This books is a test of the will, as well as one's desire to become anything like a linguist. If you picked up this book to gain an understanding of assyrian in a sense of fluency, well, there are reasons this book only costs eleven dollars. I have never seen another easily accessible guide to assyrian, and was forced to buy this book for want of a competing volume. It is arranged poorly and one gets the impression it is the product of some editor stealing an assyriologist's notebook. It reads like an archaeologist's private joke, and could turn many people off to the language as a whole. Another word of caution: the triliteral roots used in the back only make sense if one has a solid grounding in ancient hebrew. My own skill at the language is spotty, at best; I eagerly await a better volume for instruction in what I cannot deny is an overlooked and fascinating language.
Comment Was this review helpful to you? Yes No Sending feedback...
Thank you for your feedback. If this review is inappropriate, please let us know.
Sorry, we failed to record your vote. Please try again
10 of 10 people found the following review helpful By "bradrubenstein" on August 11, 2001
Format: Paperback
Warning, this book is not very good if you want to actually learn assyrian. It is short and cheap, though, and it gave me an idea about what the morphology of the language. The wonderful thing is that the title is so quirky and eccentric, it is the only book on my coffee table that people actually pick up (no, they don't read it). The only thing better might have been "Teach Yourself Assyrian" or "Assyrian in 30 days".
But no, I still can't decipher the stele at the Met Museum...
Comment Was this review helpful to you? Yes No Sending feedback...
Thank you for your feedback. If this review is inappropriate, please let us know.
Sorry, we failed to record your vote. Please try again
19 of 22 people found the following review helpful By A Customer on December 1, 1999
Format: Paperback
I was searching for a reference that could help me learn the fundamentals of the Assyrian language.
I also found the format to be a little confusing. It appears as one long index. If you want to view the old Assyrian or Aramaic characters and language, this book may be a start. However this is not a grammer, phrase or vocabulary style book.
Comment Was this review helpful to you? Yes No Sending feedback...
Thank you for your feedback. If this review is inappropriate, please let us know.
Sorry, we failed to record your vote. Please try again
10 of 11 people found the following review helpful By Magellan HALL OF FAMETOP 1000 REVIEWER on December 29, 2003
Format: Paperback
This is not an especially good beginner's book; a more appropriate title would be "A Linguist's Beginner's Assyrian," as it presumes too much previous knowledge of grammar and of Semitic family languages. It would not be appropriate as a first learning text for most people, in my opinion. However, for someone who's main interest, like mine, is in comparative linguistics and not in learning the language per se, but who wants to learn the something about the language, about the grammar, and how it works and is structures, this book is fine.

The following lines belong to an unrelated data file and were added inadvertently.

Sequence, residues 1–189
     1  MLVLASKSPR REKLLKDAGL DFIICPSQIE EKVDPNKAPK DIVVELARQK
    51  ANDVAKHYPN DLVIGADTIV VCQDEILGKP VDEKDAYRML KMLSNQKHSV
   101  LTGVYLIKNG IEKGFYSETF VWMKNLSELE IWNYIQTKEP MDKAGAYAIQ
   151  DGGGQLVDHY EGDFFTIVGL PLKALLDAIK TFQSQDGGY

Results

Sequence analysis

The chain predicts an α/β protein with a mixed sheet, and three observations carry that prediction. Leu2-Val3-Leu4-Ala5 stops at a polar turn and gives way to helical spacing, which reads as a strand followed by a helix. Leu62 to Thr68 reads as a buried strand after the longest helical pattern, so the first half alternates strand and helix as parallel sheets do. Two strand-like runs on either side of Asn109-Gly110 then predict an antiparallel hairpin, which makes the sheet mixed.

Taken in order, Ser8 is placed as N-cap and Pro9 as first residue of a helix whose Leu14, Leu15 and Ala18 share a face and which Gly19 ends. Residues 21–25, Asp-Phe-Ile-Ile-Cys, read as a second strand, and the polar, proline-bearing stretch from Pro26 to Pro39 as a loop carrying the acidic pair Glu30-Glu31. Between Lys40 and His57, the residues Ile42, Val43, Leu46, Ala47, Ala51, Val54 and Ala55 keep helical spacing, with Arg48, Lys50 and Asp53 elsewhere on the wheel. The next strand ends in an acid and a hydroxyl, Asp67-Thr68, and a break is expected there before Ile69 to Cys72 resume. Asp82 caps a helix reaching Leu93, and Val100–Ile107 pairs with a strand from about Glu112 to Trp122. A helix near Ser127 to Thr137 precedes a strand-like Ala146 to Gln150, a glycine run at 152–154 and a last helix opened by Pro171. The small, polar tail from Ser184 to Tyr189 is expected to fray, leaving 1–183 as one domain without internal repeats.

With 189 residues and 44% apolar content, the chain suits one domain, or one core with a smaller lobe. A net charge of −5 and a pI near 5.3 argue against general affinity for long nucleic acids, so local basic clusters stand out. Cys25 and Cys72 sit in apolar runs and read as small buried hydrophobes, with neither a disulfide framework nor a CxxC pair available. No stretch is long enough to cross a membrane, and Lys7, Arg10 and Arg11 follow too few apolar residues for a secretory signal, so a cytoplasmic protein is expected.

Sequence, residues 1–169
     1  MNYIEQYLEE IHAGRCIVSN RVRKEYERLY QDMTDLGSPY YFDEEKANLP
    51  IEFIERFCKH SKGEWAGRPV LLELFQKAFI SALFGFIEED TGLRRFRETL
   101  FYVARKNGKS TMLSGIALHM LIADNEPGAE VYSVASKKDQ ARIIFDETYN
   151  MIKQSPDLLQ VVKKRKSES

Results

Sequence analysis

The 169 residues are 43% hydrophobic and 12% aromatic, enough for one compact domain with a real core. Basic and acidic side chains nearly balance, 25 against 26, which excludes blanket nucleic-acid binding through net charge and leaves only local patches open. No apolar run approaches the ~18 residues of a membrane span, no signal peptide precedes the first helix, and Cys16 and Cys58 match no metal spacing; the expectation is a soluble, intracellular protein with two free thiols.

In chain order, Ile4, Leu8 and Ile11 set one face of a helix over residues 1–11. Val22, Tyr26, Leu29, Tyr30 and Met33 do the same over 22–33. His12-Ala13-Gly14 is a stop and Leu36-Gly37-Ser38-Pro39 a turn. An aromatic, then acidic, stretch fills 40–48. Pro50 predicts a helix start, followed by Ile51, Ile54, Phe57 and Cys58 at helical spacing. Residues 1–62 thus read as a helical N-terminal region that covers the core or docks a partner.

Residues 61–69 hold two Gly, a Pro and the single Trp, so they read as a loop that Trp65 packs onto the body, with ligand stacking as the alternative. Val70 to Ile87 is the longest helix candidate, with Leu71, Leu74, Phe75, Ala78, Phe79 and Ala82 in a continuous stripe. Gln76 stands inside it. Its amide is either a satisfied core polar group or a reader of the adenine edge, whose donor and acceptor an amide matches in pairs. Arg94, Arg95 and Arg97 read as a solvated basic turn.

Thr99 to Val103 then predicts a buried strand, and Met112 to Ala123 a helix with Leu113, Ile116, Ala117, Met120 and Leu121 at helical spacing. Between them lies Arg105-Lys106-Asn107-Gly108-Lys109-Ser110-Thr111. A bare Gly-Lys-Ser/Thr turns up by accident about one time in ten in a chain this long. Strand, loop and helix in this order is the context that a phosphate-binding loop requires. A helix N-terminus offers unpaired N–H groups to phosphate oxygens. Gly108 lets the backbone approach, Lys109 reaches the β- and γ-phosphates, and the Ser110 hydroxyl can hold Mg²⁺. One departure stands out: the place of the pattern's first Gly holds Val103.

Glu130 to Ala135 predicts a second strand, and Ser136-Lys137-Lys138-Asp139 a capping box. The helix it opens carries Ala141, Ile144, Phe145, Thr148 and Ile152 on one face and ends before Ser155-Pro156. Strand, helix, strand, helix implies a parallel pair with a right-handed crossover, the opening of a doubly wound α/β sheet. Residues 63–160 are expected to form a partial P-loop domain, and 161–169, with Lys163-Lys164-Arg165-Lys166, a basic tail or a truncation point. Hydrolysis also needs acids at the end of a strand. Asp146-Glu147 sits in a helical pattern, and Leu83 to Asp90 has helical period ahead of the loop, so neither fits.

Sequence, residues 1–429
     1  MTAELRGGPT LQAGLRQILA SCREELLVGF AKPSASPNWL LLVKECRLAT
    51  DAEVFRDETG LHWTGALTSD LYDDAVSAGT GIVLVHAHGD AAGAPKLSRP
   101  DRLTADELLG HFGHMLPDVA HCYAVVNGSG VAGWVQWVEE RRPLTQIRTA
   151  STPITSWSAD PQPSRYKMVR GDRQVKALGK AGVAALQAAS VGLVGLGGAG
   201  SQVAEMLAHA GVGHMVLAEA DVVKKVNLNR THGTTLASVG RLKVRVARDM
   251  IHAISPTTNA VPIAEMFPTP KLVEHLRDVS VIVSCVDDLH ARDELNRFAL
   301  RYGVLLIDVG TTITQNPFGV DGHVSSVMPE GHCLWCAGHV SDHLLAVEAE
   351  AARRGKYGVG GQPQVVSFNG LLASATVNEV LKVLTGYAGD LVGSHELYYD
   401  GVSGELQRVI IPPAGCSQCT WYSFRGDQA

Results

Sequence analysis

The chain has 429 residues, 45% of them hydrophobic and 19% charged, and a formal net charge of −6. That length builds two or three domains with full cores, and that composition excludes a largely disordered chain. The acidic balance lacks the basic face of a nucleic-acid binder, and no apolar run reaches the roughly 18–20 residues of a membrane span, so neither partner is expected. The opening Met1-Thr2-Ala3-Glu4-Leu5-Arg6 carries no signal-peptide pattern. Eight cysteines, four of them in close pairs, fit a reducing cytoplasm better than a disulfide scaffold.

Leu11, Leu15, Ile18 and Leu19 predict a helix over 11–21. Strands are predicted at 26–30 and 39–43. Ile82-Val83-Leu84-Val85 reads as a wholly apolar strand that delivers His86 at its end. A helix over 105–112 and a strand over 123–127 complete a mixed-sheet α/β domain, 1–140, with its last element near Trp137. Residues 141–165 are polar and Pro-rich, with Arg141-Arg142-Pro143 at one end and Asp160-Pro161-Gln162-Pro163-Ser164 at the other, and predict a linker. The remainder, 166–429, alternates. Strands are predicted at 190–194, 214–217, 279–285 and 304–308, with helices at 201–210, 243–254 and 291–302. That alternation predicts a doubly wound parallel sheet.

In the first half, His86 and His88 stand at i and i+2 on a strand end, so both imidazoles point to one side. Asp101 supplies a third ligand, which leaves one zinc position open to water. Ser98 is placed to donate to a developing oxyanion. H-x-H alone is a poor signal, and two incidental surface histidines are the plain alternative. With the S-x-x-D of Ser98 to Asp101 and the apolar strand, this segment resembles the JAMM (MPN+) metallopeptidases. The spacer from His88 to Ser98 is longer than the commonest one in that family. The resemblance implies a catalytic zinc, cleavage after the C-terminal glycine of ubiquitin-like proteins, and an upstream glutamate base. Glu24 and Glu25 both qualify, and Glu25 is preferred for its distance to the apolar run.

The book's approach is straight out of late 19th century language pedagogy in it's use of rote memorization and the inclusion of lengthy passages to translate. And the style reads like it was actually written many years ago, and republished by Hippocrene. I'd like to know more about this, but the publication page only lists the date of the Hippocrene edition.
On the pro side, the book includes an alphabet and phonetic guide, a 45-page discussion of the grammar, a glossary of about 800 words, and 30 pages of smaller print footnotes discussing various aspects of the Romanized phoneticizations for translations. There is a list of 215 ideograms and a list of 360 phonograms. So despite its problems, I did learn quite a bit about Assyrian from this book. The language is based on the typical tri-consonantal root system for Semitic family languages, like Arabic, Aramaic, Ugaritic, and Hebrew (but not Hittite, which is now known to be of Indo-European origin).
To highlight some of the mains points of the grammar that I learned, nouns in Assyrian have two genders, male and female. Nothing is needed to form the male gender, and the female ending involves simply adding a "u" to the end of the word.
Read more ›
2 Comments Was this review helpful to you? Yes No Sending feedback...
Thank you for your feedback. If this review is inappropriate, please let us know.
Sorry, we failed to record your vote. Please try again

What Other Items Do Customers Buy After Viewing This Item?